# Modeling of multiple regression model with array form

Hello.

I am a beginner in Bayesian Inference and PYMC (Also Python).
I have studied multi-objective predictive control using machine learning and deep learning.

I wonder whether users can develop the regression (or GP model) with a selective input structure as ANN is available.

What I mean is shown in the below figure:

(All Beta and Alpha follow a normal distribution)

So, I am trying to implement that with this code:
But it really takes much duration (I think that this code cannot work. Hence I canâ€™t see even errors)

# multiple linear regression

``````x = np.random.normal(10,np.sqrt(2),size=(6,10))
y = np.random.normal(30,np.sqrt(15),size=(6,10))

with pm.Model() as mod:
Temp_array = np.matrix([[1,1,0,1,0,1],
[0,1,1,0,1,1],
[1,1,1,1,0,0],
[0,0,1,1,1,1],
[1,0,1,0,1,0],
[0,1,1,1,1,0]])

Beta1 = pm.Normal('Beta1', mu=5,sd=1)
Beta2 = pm.Normal('Beta2', mu=10,sd=3)
Beta3 = pm.Normal('Beta3', mu=4,sd=1.5)
Beta4 = pm.Normal('Beta4', mu=7,sd=6)
Beta5 = pm.Normal('Beta5', mu=9,sd=2)
Beta6 = pm.Normal('Beta6', mu=11,sd=8)

Alpha1 = pm.Normal('Alpha1', mu=5,sd=1)
Alpha2 = pm.Normal('Alpha2', mu=10,sd=3)
Alpha3 = pm.Normal('Alpha3', mu=4,sd=1.5)
Alpha4 = pm.Normal('Alpha4', mu=7,sd=6)
Alpha5 = pm.Normal('Alpha5', mu=9,sd=2)
Alpha6 = pm.Normal('Alpha6', mu=11,sd=8)

Beta_Vec = np.matrix([[Beta1],[Beta2],[Beta3],[Beta4],[Beta5],[Beta6]])
Alpha_Vec = np.matrix([[Alpha1],[Alpha2],[Alpha3],[Alpha4],[Alpha5],[Alpha6]])

epsilon = pm.Normal('epsilon',mu=0,sd=np.sqrt(5), shape=(6,1))

Beta_Mat = Temp_array*Beta_Vec

Slope = Beta_Mat.transpose() * x + Alpha_Vec

Selective_Regressor = pm.Normal('Selective_Regressor',mu=Slope,observed=y)
tr = pm.sample(10)
``````

Is there anyone who can help meâ€¦ ?

I would very much appreciate it if you help me.

1 Like

I got error like this:
ValueError: setting an array element with a sequence.

Your specific error is because you are mixing numpy and pytensor. PyMC variables are symbolic pytensor objects, not floating point numbers, so numpy has no idea what do with them if you try to put them in e.g. an `np.matrix` (aside: `np.matrix` is slated for depreciation, you should use `np.array` everywhere).

You can give a size parameter to PyMC distributions as a short-hand for sampling a group of variables together. Alternatively, you can pass a sequence to the parameters, and PyMC will automatically infer that you mean you want a vector of RVs of the same size as the associated parameters.

``````mus = np.array([5,10,4,7,9,11])
sigmas = np.array([1,3,1.5,7,2,8])

Beta_Vec = pm.Normal('beta', mu=mus, sigma=sigmas)
Alpha_Vec = pm.Normal('alpha', mu=mus, sigma=sigmas)
``````

You donâ€™t seem to be using `epsilon` anywhere in your model, what is that? If they are regression errors, thatâ€™s covered by the `pm.Normal` in the observed node. You might want to check out some of the regression examples in the example gallery to better get your bearings.

Thank you Jesse! That was just test ^^;; So it was only for checking.

Could you give me one more idea?

If I want to make hierarchical linear regression with that forms (What I mean is hyper-prior),
should I use two â€świth statementâ€ť like this?

(1) Sampling hyper-parameters, using pymc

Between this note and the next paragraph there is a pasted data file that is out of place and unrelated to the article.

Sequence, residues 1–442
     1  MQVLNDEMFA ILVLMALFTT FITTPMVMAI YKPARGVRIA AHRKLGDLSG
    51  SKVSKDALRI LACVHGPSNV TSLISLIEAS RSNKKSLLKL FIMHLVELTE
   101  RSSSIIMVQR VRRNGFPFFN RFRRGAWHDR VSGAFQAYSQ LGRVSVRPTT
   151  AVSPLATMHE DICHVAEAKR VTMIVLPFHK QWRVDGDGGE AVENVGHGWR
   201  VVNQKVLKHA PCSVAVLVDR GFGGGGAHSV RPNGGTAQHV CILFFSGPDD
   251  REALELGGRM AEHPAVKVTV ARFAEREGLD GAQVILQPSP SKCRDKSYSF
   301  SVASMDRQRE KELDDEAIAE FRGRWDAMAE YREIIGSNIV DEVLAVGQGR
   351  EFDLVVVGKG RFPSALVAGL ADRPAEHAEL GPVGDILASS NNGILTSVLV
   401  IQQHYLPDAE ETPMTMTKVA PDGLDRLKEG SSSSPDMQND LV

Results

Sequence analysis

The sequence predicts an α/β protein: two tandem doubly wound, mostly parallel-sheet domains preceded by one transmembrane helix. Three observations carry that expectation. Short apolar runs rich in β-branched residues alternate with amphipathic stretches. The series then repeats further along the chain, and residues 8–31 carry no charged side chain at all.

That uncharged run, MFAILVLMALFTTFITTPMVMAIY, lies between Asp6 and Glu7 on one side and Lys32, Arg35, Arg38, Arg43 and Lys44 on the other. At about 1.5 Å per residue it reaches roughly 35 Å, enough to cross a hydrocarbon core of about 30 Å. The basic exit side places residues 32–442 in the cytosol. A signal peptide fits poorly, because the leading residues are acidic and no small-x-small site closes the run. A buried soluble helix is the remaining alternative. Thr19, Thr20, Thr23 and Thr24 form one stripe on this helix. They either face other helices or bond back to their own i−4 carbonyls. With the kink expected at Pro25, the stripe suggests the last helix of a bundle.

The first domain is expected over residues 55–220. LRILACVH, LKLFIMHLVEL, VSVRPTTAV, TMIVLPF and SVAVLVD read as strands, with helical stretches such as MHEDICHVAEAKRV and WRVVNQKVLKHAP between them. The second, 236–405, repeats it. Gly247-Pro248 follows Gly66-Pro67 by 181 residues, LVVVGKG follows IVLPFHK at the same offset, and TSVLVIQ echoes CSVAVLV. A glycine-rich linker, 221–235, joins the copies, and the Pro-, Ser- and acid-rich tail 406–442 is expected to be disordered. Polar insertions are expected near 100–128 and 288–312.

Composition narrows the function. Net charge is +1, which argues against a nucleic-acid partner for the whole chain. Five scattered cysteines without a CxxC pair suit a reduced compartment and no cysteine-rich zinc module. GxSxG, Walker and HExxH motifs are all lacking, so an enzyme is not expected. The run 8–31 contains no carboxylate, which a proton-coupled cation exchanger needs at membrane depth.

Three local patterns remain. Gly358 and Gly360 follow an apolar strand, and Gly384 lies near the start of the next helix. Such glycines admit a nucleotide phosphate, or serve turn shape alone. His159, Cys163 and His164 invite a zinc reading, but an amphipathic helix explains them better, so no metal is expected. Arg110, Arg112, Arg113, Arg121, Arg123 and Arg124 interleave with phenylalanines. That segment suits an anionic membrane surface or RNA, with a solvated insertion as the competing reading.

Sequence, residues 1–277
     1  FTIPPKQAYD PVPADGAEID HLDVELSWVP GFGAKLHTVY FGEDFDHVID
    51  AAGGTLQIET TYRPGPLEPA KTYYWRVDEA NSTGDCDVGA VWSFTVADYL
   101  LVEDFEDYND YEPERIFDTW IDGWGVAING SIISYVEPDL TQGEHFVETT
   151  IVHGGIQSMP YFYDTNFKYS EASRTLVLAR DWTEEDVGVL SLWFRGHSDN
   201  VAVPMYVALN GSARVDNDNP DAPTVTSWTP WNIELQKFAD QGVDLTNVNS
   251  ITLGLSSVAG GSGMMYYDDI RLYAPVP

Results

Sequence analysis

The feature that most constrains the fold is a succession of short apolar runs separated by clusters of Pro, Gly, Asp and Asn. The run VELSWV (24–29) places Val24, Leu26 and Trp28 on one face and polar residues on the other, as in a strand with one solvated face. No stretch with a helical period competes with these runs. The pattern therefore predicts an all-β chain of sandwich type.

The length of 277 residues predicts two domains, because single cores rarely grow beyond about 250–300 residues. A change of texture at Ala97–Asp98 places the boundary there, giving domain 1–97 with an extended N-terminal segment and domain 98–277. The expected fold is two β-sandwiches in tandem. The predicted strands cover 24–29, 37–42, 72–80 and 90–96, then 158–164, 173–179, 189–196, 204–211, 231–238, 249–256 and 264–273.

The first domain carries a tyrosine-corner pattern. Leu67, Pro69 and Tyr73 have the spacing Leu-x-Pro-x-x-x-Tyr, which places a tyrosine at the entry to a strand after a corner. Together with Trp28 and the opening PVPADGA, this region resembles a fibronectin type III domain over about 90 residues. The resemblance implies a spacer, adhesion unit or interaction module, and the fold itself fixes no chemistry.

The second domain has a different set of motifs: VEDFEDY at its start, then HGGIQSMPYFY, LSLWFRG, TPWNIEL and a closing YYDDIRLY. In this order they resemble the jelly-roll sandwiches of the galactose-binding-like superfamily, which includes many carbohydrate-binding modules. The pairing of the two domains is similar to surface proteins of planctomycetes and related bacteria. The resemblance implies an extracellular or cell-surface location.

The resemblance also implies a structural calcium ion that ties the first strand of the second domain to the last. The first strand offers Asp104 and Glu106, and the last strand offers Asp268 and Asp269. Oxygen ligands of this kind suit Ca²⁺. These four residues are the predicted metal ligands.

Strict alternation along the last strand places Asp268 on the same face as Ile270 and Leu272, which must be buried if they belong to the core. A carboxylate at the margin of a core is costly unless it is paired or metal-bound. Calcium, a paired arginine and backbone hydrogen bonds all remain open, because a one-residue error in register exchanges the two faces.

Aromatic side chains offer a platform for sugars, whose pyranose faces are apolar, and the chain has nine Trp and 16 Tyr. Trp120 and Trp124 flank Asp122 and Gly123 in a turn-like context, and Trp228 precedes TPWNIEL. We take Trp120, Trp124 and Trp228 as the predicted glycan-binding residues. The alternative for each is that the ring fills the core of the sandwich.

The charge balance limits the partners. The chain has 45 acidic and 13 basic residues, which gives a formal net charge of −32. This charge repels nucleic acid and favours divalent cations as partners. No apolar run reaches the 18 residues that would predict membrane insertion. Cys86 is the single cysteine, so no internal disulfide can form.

(2) Intermediately, calculate the statistic values from (1)
(3) Getting processed hyper-parameters from (2), and sampling parameters for regression model

^^;;; Sorry for bothering youâ€¦

Itâ€™s not bother, youâ€™re helping me avoid work

Can you write out what you have in mind in math or pseudo-code? Iâ€™m not sure I completely understand what you want to do.

I can say that PyMC uses a symbolic computational backend, so you can do any kind of aggregation, combination, or computation you like with random variables. Thereâ€™s no need to break up the model context, although youâ€™re allowed to if you wish! It doesnâ€™t do anything. Itâ€™s always just quietly building a symbolic graph of your model, which isnâ€™t finalized and complied until you hit the `pm.sample` button (it has a name but itâ€™s trademarked).

Really Thanks ^^.

By the way, last question, I will search the solution by myself. I donâ€™t have a specific plan for implementing this.

However, I get still errors of the first questionâ€¦
Could you help me again? ă… ă… â€¦
(I am actually studying the workbook with PyMC3. So I donâ€™t get used to pytensorâ€¦)

# multiple linear regression - Selective

``````x = np.random.normal(10,np.sqrt(2),size=(6,10))
y = np.random.normal(30,np.sqrt(15),size=(6,10))

with pm.Model() as mod:
Mu1_array = np.array([[5,10,0,4,0,9],
[0,6,2,0,8,11],
[13,12,11,10,0,0],
[0,0,5,3,7,8],
[10,0,11,0,15,0],
[0,7,8,6,4,0]])
Mu2_array = np.array([[5,10,0,4,0,9],
[0,6,2,0,8,11],
[13,12,11,10,0,0],
[0,0,5,3,7,8],
[10,0,11,0,15,0],
[0,7,8,6,4,0]])
sd1_array = np.array([[.5,.10,np.inf,.4,np.inf,.9],
[np.inf,.6,2,np.inf,.8,.11],
[1.3,1.2,1.1,np.inf,np.inf,np.inf],
[np.inf,np.inf,.5,.3,7,.8],
[np.inf,np.inf,1.1,np.inf,1.5,np.inf],
[np.inf,7,8,6,4,np.inf]])
sd2_array = np.array([[.5,.10,np.inf,.4,np.inf,.9],
[np.inf,.6,2,np.inf,.8,.11],
[1.3,1.2,1.1,np.inf,np.inf,np.inf],
[np.inf,np.inf,.5,.3,7,.8],
[np.inf,np.inf,1.1,np.inf,1.5,np.inf],
[np.inf,7,8,6,4,np.inf]])

Selective_Regressor = np.ones([6,1])

for i in np.arange(0,5):
Beta = pm.Normal('Beta', mu=Mu1_array[i,:],sigma=sd1_array[I,:])
Alpha = pm.Normal('Alpha', mu=Mu2_array[i,:],sigma=sd2_array[I,:])
epsilon = pm.Normal('epsilon',mu=0,sigma=np.sqrt(5), shape=(6,1))
Slope = Beta * x + Alpha

Selective_Regressor[i,0] = pm.Normal(f'Selective_Regressor_{i}',mu=Slope,observed=y)
tr = pm.sample(10)
``````

The error is : Incompatible Elemwise input shapes [(1, 6), (6, 10)]